Non-cyber insurance policies often contain exclusions to limit or preclude coverage for data breaches. A Maryland federal district court recently addressed the scope of such exclusions. The court analyzed the meaning of “data” in data breach policy exclusions in a multimedia liability policy and concluded that the undefined term “data” did not include satellite television programming. Having found that the exclusions did not apply, the court held that the underlying lawsuit involving allegations of unauthorized access to satellite television programming triggered the insurer’s duty to defend the policyholder. At Orrick’s Policyholder Insider blog, Darren Teshima and Harry Moren discuss this decision’s rejection of an insurer’s attempt to avoid coverage by broadening the scope of these data breach exclusions.
In one of the first court decisions to analyze in depth the coverage provided by a cyber policy, a federal judge has found that PF Chang’s policy came up short. Following a 2014 data breach in which hackers accessed and posted online 60,000 credit card numbers belonging to PF Chang’s customers, the company sought coverage under its “CyberSecurity by Chubb” insurance policy. Although PF Chang’s insurer, Federal Insurance Company (“Federal”), agreed to reimburse nearly $1.7 million for customer claims and other breach-related expenses, it refused to reimburse an additional $2 million in fees and assessments levied against P.F. Chang’s by the credit card brands. Last week a federal district judge in Arizona, applying Arizona law, denied PF Chang’s claim for reimbursement and granted summary judgment for Federal. While it held that these fees and assessments fell within the scope of coverage, the court held that the “contractual liability” exclusion barred coverage.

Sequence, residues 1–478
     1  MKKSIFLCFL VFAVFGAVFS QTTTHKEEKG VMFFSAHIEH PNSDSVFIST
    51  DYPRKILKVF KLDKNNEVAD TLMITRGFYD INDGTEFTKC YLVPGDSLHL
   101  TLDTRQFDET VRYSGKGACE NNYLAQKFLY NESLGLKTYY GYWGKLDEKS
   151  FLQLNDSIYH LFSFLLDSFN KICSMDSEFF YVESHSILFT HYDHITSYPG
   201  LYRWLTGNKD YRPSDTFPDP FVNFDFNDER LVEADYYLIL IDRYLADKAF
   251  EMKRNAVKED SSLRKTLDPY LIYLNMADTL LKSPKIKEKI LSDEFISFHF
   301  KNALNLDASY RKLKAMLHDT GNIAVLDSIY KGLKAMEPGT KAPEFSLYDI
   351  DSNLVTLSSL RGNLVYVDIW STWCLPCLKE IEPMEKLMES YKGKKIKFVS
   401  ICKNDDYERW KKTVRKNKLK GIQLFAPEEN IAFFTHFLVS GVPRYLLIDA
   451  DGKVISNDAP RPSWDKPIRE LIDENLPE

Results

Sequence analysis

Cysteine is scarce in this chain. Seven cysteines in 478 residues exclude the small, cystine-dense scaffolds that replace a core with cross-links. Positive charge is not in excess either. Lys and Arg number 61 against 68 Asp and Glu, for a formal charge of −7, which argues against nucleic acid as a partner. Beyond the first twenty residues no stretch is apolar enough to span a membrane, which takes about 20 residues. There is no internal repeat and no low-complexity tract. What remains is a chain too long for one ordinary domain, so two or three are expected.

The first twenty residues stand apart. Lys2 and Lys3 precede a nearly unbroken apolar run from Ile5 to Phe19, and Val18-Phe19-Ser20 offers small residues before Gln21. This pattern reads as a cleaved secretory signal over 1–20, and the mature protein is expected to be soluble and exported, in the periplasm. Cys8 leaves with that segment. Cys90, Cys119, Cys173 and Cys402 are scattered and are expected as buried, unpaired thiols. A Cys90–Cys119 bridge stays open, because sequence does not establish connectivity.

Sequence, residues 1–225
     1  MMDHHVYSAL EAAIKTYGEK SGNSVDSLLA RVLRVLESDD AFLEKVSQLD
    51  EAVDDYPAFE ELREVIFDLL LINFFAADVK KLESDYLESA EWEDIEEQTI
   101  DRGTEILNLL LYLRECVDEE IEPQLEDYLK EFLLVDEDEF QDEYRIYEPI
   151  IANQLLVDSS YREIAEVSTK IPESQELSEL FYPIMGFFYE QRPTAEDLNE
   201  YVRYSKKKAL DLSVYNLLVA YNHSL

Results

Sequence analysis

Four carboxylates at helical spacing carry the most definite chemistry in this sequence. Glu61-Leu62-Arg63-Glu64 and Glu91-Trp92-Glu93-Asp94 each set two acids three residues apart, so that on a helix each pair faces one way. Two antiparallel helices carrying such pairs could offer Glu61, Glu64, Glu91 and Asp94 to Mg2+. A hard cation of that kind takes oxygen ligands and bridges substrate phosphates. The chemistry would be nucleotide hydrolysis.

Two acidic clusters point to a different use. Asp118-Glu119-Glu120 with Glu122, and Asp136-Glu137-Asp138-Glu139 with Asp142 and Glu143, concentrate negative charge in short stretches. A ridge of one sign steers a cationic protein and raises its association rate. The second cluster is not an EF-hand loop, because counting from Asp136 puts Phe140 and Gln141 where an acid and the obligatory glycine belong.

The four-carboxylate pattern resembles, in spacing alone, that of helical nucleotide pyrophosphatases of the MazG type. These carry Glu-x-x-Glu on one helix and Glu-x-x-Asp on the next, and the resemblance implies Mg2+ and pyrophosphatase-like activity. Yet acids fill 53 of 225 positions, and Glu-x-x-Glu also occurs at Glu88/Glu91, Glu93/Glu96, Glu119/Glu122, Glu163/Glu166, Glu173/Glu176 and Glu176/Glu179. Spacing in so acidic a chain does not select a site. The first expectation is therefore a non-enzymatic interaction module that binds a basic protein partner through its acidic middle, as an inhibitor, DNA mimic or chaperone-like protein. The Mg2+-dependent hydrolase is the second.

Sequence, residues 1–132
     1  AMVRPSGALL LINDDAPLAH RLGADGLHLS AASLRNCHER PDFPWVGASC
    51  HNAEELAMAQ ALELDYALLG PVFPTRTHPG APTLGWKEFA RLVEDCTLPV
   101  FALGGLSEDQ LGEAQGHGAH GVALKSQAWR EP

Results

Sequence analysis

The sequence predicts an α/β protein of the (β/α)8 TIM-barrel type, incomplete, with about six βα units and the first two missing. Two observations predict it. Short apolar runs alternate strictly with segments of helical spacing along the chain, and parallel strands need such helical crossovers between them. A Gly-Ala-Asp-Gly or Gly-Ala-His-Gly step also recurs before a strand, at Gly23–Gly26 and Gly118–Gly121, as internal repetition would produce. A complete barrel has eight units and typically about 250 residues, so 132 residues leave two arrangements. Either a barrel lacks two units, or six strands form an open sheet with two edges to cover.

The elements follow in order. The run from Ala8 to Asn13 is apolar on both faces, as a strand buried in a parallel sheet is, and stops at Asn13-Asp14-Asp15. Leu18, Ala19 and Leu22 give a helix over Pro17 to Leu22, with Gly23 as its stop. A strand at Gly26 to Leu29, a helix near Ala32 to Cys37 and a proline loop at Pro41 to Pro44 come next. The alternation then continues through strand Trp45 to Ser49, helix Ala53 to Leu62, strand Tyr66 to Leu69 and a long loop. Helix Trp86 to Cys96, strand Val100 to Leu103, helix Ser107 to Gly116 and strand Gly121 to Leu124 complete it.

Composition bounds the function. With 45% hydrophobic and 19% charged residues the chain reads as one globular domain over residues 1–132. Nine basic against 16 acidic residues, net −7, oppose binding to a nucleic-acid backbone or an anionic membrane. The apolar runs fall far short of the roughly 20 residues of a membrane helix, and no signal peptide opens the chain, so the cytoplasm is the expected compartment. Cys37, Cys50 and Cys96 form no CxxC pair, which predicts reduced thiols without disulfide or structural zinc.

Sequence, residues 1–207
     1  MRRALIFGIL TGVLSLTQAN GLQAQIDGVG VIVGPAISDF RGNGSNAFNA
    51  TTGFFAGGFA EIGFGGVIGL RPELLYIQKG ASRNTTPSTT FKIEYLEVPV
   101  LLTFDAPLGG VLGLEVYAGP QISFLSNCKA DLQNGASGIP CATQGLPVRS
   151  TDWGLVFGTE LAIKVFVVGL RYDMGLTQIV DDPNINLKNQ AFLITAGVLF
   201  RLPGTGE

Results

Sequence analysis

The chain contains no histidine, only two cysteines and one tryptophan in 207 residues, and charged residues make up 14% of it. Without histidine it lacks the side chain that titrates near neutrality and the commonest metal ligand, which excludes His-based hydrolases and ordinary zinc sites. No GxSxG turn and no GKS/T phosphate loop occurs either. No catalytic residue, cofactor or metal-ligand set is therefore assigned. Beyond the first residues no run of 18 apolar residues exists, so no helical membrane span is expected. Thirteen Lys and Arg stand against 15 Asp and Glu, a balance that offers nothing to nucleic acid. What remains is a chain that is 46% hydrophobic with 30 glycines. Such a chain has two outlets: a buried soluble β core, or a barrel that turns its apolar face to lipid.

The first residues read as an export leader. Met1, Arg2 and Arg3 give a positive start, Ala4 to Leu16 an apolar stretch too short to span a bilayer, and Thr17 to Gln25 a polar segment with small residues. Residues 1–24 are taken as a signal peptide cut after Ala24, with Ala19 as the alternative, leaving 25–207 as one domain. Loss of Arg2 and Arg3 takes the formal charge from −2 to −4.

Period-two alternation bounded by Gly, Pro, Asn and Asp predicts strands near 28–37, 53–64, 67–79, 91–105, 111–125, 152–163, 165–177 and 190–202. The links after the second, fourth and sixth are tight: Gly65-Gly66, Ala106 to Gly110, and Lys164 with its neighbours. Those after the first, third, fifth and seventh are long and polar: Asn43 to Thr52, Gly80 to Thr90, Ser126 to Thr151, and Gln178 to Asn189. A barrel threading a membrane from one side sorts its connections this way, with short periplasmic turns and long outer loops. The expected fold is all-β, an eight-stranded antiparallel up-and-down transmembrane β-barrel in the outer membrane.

A recent Eighth Circuit ruling on cybercrime coverage held that the issuer of a financial institution bond must cover a bank’s losses after a hacker’s malware attack resulted in unauthorized fund transfers. The court rejected the insurer’s claim that employee negligence—a factor in the loss—excluded coverage. This is a good decision for financial institutions and crime insurance policyholders, and Orrick attorneys Russell Cohen, Darren Teshima, and Harry Moren discuss the decision and its potential impact on coverage for the trending Business E-mail Compromise (BEC) scam.